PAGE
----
Author: Kurt Helin

Adam Silver

Shortening NBA games? Nice idea. Shortening NBA season? Better idea.


You’ve got to give Adam Silver’s NBA credit — under him the league is not a slave to the status quo, it will experiment with things. The latest example is trying out a 44-minute game as a preseason experiment when the Nets host the Celtics Sunday. Each quarter will be 11 minutes long rather than 12, and the second and fourth quarters each will have one fewer mandatory television timeout.

It’s an interesting idea, reducing the length of games and,  along with that, the wear and tear on players. It’s an idea worth experimenting with (although it’s not your average NBA regular season game that is too long, it is the playoff games with longer television timeouts, and good luck getting the networks to give up advertising dollars then).

But it’s not the best answer.

If the goal is to both to reduce the stress on players bodies and improve the level of play in the league, there is a superior alternative.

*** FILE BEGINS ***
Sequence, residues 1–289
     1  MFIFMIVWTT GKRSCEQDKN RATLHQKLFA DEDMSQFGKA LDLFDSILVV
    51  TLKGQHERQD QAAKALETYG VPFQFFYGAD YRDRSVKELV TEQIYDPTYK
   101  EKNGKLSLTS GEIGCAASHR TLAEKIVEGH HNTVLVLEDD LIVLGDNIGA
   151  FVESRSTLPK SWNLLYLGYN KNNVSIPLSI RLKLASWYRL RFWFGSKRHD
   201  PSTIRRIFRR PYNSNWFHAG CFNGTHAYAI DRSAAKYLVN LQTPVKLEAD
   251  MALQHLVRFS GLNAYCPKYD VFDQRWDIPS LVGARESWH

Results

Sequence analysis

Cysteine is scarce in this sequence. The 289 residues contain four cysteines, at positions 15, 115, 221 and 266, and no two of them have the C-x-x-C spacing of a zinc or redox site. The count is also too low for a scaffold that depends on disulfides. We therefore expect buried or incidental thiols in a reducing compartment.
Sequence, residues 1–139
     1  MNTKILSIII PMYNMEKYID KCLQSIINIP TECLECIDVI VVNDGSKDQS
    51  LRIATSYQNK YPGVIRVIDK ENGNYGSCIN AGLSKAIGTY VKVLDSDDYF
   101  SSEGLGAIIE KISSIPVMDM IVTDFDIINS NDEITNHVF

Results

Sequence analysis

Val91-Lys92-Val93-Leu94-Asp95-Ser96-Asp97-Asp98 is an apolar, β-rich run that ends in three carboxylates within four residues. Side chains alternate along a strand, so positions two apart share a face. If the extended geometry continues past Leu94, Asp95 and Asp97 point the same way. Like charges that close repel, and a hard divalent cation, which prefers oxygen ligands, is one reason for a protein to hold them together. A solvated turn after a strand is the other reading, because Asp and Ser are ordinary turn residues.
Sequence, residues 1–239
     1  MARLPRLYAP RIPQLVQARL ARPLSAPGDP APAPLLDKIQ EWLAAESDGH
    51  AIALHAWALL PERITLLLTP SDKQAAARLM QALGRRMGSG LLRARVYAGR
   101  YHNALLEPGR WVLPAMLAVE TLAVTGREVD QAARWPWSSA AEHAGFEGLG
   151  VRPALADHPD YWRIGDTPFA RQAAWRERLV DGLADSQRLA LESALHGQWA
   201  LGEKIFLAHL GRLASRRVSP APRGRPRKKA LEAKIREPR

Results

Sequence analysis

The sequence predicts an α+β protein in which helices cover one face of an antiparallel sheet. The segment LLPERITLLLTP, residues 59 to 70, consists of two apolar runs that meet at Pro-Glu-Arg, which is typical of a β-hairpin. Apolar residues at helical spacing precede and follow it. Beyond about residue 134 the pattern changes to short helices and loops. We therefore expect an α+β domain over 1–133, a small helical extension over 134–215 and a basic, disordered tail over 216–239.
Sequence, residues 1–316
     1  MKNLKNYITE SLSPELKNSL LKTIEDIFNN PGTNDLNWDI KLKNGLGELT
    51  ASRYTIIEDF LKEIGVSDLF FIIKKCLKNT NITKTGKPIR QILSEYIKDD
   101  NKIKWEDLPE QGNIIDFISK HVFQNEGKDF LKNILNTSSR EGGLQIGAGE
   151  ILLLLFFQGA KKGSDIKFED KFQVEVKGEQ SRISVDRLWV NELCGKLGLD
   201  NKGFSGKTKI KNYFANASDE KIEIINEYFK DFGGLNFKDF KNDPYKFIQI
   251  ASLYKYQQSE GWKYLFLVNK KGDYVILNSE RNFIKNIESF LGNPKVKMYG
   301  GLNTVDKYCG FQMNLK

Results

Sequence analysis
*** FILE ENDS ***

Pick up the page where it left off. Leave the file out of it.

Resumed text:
Shorten the NBA season.

Go from 82 games t0 72. Or 66.

It’s the volume of games — and particularly the volume of back-to-backs and four games in five nights — that really both wear down players, making them more prone to injury, and it is the wear that reduces the quality of play. If you have ESPN Insider, go read Tom Haberstroh’s brilliant bit of work on how just giving the players a week off around the All-Star Game this year increased the number of back-to-backs around the league, and the dips in quality of play and increased injury risk that come with those back-to-backs.

“A study looked at 13 seasons’ worth of data and found that teams that play a back-to-back on the road perform 1.5 points per 100 possessions worse than if they had had a rest day in between. It might not seem like much, but a 1.5-point decrease is roughly the equivalent of playing the Dallas Mavericks compared to the Minnesota Timberwolves last season.”

Which means I’m not suggesting the league adopt what was done in the 2011 lockout year with 66 games crammed in after Christmas. Rather, my plan would be to reduce the schedule to 72 games yet start at the season around Halloween as always. Spacing games out could reduce the number of back-to-backs and the league could still start the playoffs one to two weeks earlier. Which means they can end the playoffs and Finals a week or two earlier — the NBA has looked for a way to create more space between the Finals and the draft to hype it up, this can add time into that part of the schedule.